Specifications of the community septic system at Lac Castor, Quebec

Year 2016
Country Canada
Distributor DBO Expert
Treatment Capacity 17 280 L/day
Soil Analysis Permeable
System Surface Area 277.1 m2
Treatment results available upon request.

DETAILS OF THE site

This 8-home community on the shores of Lac Castor, in Quebec, is connected to the same System O)) septic system.

 

The protection of the lake determined the choice of septic system. The community needed to find a green, cost-effective and long-lasting solution.

Case Study - Community septic system on the shores of a lake 1

CONTEXT

This project is to install a wastewater treatment system for an eight-house lakeside community in the Abitibi region of Quebec. The system needed to handle a high volume of wastewater and guarantee that there wouldn’t be seepage of poorly treated wastewater into the nearby lake.

The System O)) is preceded by a primary treatment. Each residence in the community has their own septic tank with an effective volume of 3.8 m3 where raw wastewater is accumulated.

 

Inside the septic tanks, the wastewater separates into layers as the fats float to the top and the solids sink to the bottom.

Distribution

The wastewater leaving the septic tanks flow by gravity into a main collection tank. The effluent then flows into a pumping station where it is pumped into the System O)). The proper functioning of the System O)) depends on a uniform distribution of wastewater between the Advanced Enviro))Septic pipe rows. This is achieved with our Low Pressure Repartition System. This pressurized system ensures that all of the rows of pipes are evenly supplied with wastewater with less than a 2% difference between the rows.
This System O)) uses three cells consisting of a total of 144 Advanced Enviro))Septic pipes. The cells are made up of 12 rows of four Advanced Enviro))Septic pipes. The wastewater is pumped to the entrance of each row of Advanced Enviro))Septic pipes and then flows along the length of the rows where it is treated by bacteria living in the AES pipes and in the filter sand during the infiltration process.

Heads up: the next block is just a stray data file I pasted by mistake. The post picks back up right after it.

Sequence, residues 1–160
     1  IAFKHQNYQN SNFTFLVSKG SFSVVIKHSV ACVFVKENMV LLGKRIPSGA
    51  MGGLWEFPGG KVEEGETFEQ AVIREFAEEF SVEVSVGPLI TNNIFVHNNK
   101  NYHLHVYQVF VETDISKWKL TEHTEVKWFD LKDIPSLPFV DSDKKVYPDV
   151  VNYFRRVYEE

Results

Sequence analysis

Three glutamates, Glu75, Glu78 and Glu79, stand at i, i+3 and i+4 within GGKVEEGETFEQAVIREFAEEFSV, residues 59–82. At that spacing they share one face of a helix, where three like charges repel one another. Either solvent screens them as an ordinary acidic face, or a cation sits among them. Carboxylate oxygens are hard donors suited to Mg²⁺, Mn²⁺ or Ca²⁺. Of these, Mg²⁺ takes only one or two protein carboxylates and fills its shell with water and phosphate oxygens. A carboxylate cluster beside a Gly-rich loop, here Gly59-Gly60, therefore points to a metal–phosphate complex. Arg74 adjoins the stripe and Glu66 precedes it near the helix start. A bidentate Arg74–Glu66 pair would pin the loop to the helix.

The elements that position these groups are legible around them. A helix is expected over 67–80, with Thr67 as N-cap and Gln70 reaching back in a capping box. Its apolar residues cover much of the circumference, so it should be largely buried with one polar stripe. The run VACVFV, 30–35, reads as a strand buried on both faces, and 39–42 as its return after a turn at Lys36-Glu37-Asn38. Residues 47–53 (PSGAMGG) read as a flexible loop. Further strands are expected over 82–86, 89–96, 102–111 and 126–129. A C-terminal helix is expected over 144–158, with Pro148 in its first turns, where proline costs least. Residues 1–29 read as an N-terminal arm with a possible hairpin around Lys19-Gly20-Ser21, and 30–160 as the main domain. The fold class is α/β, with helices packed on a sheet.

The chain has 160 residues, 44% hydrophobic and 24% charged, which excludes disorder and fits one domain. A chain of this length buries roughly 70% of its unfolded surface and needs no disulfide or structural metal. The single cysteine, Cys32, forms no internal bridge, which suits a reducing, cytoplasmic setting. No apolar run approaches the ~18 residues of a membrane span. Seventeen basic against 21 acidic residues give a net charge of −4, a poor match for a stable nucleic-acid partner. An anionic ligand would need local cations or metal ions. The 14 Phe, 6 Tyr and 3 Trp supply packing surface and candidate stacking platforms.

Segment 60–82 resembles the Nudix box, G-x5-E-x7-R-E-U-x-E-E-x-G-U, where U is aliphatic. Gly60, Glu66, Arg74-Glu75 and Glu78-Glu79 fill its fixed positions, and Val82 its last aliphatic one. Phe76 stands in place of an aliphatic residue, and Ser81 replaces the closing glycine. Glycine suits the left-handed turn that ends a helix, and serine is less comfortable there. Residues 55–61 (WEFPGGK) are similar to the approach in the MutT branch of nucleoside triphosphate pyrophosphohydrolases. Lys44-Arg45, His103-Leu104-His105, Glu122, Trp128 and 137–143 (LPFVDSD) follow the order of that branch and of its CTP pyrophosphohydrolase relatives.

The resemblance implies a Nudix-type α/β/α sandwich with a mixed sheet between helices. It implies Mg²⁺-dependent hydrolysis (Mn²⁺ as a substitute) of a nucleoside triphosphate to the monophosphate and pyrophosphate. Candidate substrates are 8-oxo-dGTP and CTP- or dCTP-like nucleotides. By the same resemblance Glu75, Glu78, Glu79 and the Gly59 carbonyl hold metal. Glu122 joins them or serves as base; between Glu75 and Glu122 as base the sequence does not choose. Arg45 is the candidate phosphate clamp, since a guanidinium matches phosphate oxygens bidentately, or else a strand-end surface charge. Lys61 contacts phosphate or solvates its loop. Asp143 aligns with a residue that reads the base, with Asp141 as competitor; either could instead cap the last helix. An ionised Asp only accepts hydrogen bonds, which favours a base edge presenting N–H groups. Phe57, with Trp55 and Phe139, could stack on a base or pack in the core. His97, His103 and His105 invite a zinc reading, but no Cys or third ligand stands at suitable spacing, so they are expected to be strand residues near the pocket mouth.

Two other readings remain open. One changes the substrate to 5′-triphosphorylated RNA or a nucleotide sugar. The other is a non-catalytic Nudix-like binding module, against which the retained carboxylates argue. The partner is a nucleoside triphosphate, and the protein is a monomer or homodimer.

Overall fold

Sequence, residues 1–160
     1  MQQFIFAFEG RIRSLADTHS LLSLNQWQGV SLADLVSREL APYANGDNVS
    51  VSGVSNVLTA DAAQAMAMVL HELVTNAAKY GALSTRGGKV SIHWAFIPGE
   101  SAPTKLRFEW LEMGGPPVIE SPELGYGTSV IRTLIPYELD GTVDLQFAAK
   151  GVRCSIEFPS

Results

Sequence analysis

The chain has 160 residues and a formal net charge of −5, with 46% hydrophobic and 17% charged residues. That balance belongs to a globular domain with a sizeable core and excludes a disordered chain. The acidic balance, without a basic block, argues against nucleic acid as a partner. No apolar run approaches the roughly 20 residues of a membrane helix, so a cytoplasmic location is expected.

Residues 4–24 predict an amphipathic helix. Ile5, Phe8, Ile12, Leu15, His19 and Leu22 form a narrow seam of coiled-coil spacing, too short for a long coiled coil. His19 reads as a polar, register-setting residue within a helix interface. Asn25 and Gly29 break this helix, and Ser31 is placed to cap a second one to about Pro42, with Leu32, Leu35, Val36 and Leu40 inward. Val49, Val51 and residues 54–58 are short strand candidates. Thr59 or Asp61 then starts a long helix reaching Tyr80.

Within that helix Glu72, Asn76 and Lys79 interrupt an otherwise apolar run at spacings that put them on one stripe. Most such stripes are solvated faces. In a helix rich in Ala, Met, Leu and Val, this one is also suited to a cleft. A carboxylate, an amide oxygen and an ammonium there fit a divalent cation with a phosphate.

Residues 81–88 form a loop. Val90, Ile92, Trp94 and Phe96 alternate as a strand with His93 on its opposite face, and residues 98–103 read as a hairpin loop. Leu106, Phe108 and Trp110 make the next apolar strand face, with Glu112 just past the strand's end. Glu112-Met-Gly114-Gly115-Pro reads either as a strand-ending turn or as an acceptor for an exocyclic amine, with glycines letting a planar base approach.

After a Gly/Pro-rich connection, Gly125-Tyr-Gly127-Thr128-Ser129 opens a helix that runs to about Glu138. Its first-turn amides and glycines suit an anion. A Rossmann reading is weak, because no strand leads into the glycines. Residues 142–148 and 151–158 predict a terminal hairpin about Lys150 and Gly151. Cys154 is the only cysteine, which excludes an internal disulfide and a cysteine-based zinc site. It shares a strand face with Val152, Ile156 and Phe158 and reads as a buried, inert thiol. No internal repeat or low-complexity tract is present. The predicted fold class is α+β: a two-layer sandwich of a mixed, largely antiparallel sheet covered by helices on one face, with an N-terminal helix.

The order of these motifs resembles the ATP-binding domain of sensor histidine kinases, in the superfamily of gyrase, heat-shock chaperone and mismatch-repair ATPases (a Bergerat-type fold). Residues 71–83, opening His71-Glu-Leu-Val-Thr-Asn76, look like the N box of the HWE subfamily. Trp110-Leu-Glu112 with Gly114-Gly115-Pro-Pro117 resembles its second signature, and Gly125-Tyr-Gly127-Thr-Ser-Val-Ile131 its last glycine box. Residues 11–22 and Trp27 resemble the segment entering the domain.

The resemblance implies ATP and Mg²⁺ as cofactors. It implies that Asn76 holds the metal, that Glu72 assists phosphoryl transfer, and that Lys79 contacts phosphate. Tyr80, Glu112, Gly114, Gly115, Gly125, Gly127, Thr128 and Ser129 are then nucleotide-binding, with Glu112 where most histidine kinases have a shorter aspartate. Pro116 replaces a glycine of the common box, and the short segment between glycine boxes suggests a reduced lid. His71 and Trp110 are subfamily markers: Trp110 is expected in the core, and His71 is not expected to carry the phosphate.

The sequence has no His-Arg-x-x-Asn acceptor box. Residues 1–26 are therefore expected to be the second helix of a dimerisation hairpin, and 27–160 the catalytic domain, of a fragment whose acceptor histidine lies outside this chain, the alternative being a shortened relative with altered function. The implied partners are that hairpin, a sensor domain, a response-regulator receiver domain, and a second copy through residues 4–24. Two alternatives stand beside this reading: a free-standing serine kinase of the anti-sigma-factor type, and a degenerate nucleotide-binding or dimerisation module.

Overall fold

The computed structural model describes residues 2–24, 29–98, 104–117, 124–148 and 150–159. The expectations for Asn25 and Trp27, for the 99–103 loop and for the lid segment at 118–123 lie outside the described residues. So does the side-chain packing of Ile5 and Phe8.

By installing one System O)) instead of multiple smaller conventional systems, the client saved money in the long term. A System O)) costs roughly the same as a conventional system, but has a lifespan of over 30 years. Conventional installations can start to fail after 15 years even if they are treated well. The System O)) doesn’t require maintenance and there isn’t any filter media to replace or parts that can break.

The treated water leaving System O)) on average has:

  • 10.5 times less CBOD5,
  • 7.3 times less TSS and
  • 49.6 times less fecal coliform

than a conventional installation.

 

The treatment process of a conventional installation occurs in the soil, while System O)) treats the wastewater within the system, protecting the native soil as well as the nearby watercourse. If each of the eight homes had their own conventional septic system, there is a good chance that one of them would seep poorly treated wastewater into the lake.

Case Study - Community septic system on the shores of a lake 2
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